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Sulfasalazine has become a common second line drug (DMARD) for the treatment of rheumatoid arthritis (RA).

Cochrane Database of Systematic Reviews: Plain Language Summaries [Internet] - John Wiley & Sons, Ltd.

Version: April 27, 1998

We conducted a review of the effect of sulfasalazine for people with ankylosing spondylitis. After searching for all relevant studies up to November 2013, we found 11 studies involving 895 people. Our findings are summarised below.

Cochrane Database of Systematic Reviews: Plain Language Summaries [Internet] - John Wiley & Sons, Ltd.

Version: November 27, 2014

‐ Leflunomide probably improves pain.

Cochrane Database of Systematic Reviews: Plain Language Summaries [Internet] - John Wiley & Sons, Ltd.

Version: July 22, 2002

Curcumin is a natural anti‐inflammatory agent that is often used in many chronic inflammatory conditions including rheumatoid arthritis, esophagitis and post‐surgical inflammation. The purpose of this systematic review was to examine the effectiveness and safety of curcumin therapy for the maintenance of remission in patients with ulcerative colitis (UC), a chronic inflammatory condition of the colon. Currently available agents for the management of this condition have been reported to result side effects, particularly when used for prolonged periods. This review includes one randomized trial with a total of 89 participants. All patients received treatment with sulfasalazine or mesalamine (drugs containing 5‐aminosalicylic acid). Fewer patients in the curcumin group relapsed at six months compared to patients who received placebo (e.g. fake drug). However, this result was not statistically significant. Patients in the curcumin group had significantly lower disease activity index and endoscopic index scores at six months than patients in the placebo group. No serious side effects were reported. A total of nine mild side effects were reported in seven patients. These side effects included a sensation of abdominal bulging, nausea, a brief increase in blood pressure, and a brief increase in the number of stools. The results of this systematic review suggest that curcumin may be a safe and effective therapy for maintenance of remission in ulcerative colitis when given as additional therapy with mesalamine or sulfasalazine. Further research is needed to confirm any possible benefit of curcumin for maintenance therapy in ulcerative colitis.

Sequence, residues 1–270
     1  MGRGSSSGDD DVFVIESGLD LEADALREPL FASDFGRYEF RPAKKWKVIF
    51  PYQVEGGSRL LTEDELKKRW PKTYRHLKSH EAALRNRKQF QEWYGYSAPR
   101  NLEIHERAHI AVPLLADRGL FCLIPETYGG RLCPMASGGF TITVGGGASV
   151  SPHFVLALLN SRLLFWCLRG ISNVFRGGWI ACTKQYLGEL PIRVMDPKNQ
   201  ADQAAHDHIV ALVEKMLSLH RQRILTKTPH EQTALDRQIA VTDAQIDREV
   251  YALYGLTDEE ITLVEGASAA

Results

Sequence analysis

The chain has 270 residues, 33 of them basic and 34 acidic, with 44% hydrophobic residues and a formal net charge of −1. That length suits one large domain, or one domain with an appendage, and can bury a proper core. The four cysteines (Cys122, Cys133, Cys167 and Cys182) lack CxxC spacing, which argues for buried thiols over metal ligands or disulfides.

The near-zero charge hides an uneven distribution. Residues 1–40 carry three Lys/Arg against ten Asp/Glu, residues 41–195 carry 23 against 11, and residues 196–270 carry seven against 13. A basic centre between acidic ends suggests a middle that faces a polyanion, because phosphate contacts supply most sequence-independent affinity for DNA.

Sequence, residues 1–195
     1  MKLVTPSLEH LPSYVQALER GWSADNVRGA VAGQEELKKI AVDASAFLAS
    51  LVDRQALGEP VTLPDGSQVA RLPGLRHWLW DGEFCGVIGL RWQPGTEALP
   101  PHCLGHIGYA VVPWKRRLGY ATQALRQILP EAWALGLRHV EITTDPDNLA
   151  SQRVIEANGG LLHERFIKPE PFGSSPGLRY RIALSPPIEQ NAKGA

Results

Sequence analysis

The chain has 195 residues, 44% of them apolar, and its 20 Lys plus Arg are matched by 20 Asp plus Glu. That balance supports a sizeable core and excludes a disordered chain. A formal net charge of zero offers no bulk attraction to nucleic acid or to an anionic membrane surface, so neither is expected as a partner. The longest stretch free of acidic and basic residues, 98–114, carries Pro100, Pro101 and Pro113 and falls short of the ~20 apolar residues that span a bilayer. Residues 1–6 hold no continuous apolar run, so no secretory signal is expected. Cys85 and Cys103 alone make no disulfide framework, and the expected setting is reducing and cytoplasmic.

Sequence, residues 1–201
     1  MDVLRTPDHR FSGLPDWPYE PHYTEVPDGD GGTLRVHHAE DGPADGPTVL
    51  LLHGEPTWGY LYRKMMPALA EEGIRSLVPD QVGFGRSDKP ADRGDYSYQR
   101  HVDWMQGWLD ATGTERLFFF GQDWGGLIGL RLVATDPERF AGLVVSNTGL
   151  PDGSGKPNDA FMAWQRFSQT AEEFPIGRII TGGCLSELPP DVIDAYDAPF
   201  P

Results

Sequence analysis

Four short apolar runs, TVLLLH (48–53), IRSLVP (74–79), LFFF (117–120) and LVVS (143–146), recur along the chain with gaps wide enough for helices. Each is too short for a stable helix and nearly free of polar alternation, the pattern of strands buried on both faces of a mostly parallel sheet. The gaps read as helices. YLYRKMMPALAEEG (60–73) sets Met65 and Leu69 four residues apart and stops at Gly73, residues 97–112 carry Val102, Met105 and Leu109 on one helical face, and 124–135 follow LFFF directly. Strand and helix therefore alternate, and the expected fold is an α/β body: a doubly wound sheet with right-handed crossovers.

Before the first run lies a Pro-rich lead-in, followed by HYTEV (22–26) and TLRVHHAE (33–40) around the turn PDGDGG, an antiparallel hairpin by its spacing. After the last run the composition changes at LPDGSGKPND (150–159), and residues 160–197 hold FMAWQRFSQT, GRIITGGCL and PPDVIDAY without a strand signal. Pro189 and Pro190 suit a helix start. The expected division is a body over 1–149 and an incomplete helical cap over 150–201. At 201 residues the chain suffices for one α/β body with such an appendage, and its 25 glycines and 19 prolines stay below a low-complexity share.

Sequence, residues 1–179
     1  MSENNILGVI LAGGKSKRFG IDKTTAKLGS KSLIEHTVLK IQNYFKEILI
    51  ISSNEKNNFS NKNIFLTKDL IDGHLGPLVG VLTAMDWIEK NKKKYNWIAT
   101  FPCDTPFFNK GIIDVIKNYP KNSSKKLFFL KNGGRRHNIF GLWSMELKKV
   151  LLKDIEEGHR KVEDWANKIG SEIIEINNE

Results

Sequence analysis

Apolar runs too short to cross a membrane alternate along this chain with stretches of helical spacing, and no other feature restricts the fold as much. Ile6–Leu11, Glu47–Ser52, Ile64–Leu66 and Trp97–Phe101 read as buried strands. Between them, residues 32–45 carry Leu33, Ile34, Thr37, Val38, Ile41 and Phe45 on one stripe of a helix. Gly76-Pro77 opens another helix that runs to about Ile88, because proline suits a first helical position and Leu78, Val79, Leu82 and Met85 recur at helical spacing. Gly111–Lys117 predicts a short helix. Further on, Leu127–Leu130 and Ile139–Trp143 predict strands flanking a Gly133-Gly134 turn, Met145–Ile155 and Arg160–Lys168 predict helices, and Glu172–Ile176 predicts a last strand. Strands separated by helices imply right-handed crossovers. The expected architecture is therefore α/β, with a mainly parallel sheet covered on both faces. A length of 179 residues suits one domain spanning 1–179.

Cochrane Database of Systematic Reviews: Plain Language Summaries [Internet] - John Wiley & Sons, Ltd.

Version: October 17, 2012

Azathioprine and 6‐mercaptopurine are immunosuppressive drugs that are thought to reduce inflammation by blocking the immune system. This review includes 13 randomized trials with a total of 1211 participants. Azathioprine and 6‐mercaptopurine were found to be no more effective than placebo (fake medicine) for inducing remission in Crohn's disease. There is evidence to suggest that the combination of azathioprine and infliximab is superior to infliximab used as a single drug for induction of steroid‐free remission in active Crohn's disease. Tumor necrosis factor (TNF) alpha blocking drugs like infliximab may provide an alternative treatment for patients who do not respond to corticosteroid or immunosuppressive drug treatment. Azathioprine and 6‐mercaptopurine may reduce the need for steroid treatment and their use may therefore lead to a lower incidence of steroid related side effects. However, these drugs are slow acting and are associated with some rare, but serious side effects. In some patients they suppress formation of blood cells that fight off infection and allow blood to clot and they occasionally cause inflammation of the pancreas. These drugs have also been associated with an increased risk of lymphoma. For these reasons careful consideration needs to be given to the use of these drugs in patients with active Crohn's disease.

Cochrane Database of Systematic Reviews: Plain Language Summaries [Internet] - John Wiley & Sons, Ltd.

Version: October 26, 2016